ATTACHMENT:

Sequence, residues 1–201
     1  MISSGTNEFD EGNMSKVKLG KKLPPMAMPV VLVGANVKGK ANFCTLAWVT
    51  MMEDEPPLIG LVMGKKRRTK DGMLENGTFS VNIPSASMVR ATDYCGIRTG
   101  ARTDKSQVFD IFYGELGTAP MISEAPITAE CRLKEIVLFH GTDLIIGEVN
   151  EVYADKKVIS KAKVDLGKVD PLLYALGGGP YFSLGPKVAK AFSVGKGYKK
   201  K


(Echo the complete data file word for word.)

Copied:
Sequence, residues 1–201
     1  MISSGTNEFD EGNMSKVKLG KKLPPMAMPV VLVGANVKGK ANFCTLAWVT
    51  MMEDEPPLIG LVMGKKRRTK DGMLENGTFS VNIPSASMVR ATDYCGIRTG
   101  ARTDKSQVFD IFYGELGTAP MISEAPITAE CRLKEIVLFH GTDLIIGEVN
   151  EVYADKKVIS KAKVDLGKVD PLLYALGGGP YFSLGPKVAK AFSVGKGYKK
   201  K